Penny Dreadful Creator John Logan Explains Why He Loves Monsters

Season 1 of Showtime's creepy drama ends Sunday night

One of the most critically beloved new shows on cable, Showtime's Penny Dreadful is written start to finish by Skyfall and Hugo screenwriter John Logan and produced by Sam Mendes, with Eva Green, Timothy Dalton and Josh Hartnett in the leading roles. The Victorian Gothic mash-up features characters pulled from Frankenstein, Dracula, The Picture of Dorian Gray and other, stranger texts, but the key to Logan's obsession with monsters is his sympathy for them. He has a harder job in pre-production this year than last: Showtime president David Nevins liked the show so much that he renewed it for a longer (ten-episode) season two. In the runup to Sunday night's season one finale, Logan explains how Disneyland, romantic poetry and classic horror stories gave rise to one truly original series.

Where did you first start talking about Penny Dreadful?

This is completely true: after about 10 years of thinking about this and not telling anyone, not my partner, not my agent, I was with my friend Chris King, who's a producer on the show, and we were at Disneyland, and we were standing in line and I said, "I have an idea for a TV show." And as any writer will tell you, when you first say that out loud, it's a really treacherous moment, and Chris really loved it and really got behind and then I had to go to Sam. I've known Sam for years and I know his sensibility. He's a stand-up guy, and he said, "Let's do this together."

What was it about Disneyland that freed you to make that pronouncement?

We were in line for Space Mountain and there was this wonderful incoherent joy about being able to speak about such dark things in such a bright place.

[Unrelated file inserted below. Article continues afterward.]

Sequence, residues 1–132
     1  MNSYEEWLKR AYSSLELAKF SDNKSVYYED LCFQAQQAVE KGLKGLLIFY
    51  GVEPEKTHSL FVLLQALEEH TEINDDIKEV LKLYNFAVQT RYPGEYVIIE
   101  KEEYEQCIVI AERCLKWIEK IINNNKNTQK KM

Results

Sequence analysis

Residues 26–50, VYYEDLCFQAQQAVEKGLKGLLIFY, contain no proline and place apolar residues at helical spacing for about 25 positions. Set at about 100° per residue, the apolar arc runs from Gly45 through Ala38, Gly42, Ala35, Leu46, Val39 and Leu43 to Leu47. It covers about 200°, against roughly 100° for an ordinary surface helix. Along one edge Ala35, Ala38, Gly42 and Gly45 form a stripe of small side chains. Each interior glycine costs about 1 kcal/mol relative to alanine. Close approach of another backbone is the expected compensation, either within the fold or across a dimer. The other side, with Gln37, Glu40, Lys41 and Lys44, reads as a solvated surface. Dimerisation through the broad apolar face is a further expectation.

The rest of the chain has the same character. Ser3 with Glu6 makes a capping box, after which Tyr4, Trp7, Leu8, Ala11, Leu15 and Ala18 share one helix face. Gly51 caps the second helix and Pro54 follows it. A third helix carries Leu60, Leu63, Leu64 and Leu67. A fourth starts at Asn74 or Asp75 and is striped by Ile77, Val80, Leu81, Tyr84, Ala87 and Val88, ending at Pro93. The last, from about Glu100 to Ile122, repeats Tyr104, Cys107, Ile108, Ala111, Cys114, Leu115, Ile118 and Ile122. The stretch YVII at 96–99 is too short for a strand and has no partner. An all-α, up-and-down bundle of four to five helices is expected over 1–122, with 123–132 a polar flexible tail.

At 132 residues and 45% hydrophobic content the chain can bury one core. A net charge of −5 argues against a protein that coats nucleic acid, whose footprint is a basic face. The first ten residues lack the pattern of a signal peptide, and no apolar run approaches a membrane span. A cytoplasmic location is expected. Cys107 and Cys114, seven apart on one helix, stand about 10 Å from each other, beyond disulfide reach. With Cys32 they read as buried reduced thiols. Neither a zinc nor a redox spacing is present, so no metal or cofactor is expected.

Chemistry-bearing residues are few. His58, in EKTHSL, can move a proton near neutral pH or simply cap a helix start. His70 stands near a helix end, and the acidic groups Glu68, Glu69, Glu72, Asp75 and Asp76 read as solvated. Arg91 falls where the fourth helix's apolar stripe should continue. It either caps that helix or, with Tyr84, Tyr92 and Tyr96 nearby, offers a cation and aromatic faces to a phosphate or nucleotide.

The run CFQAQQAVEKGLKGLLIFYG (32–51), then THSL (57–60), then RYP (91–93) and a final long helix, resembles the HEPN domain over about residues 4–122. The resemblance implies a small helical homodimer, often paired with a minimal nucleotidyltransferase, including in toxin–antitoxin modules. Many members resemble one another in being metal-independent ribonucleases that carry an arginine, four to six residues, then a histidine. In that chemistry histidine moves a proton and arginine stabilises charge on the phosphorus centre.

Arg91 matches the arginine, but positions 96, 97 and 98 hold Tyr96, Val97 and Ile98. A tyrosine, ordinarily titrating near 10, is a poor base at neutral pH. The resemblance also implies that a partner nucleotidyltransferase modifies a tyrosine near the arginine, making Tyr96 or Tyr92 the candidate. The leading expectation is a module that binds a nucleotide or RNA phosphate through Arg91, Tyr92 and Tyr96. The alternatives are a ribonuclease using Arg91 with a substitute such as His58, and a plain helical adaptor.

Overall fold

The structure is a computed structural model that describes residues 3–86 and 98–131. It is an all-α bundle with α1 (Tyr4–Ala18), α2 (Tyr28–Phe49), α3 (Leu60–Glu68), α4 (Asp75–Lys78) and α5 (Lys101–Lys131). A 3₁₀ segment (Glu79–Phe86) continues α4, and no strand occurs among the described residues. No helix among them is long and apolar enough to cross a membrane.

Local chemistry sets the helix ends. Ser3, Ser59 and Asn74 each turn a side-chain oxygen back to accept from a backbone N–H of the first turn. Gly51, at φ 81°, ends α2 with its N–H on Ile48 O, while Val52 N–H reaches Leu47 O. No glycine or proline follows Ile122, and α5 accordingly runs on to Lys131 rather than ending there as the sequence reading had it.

How did you decide have all these famous horror characters meet each other?

It's something I'd been thinking about for a long time. I was reading a lot of Romantic poetry, particularly Wordsworth, and that led me to Byron, Shelley and Keats and eventually to re-reading Mary Shelley's Frankenstein, which I hadn't read since I was a kid, and it just shocked me how powerful it was and how moving it was. And I just started thinking about that, and the themes that Mary Shelley plays with. If you read the binary narrative of Frankenstein, the question you have to emerge with is "Who is the monster, Victor Frankenstein or the monster he creates?" And the duality therein I thought was really interesting.

So, I began to think about various iterations of that and I read Dracula, sort of immediately, and then I went into a study of Gothic literature, and I was staggered to find that in that period of about 1890 to 1900, there was this great paroxysm of horror literature—you had Dracula, The Invisible Man, The Picture of Dorian Grey, The Hound of the Baskervilles, The Island of Doctor Moreau, War of the Worlds, all within a 10-year span. And all the writers cross-pollinated. I thought that was really fascinating. It reminded me of the second generation of Universal horror films where Universal suddenly started mixing and matching the Wolfman and the Mummy and Dracula and Frankenstein and I thought it would be a really interesting thing to pursue.

Narratively it was just fascinating—the way those characters spark off each other, I thought, could be dramatic. I didn't start off with them, actually—I started with Vanessa Ives, the character that Eva Green plays. And I just began to build that character, and her as story evolved, I thought about which elements of the classic text could come into it, and what eventually emerged was Frankenstein and his creature and Dorian Gray refracting off of parts of the Dracula story.

It's definitely a rich seam—I know people have compared the show toAlan Moore's League of Extraordinary Gentlemen comics and Kim Newman's Anno Dracula novels, which work from a similar premise, albeit in different ways.

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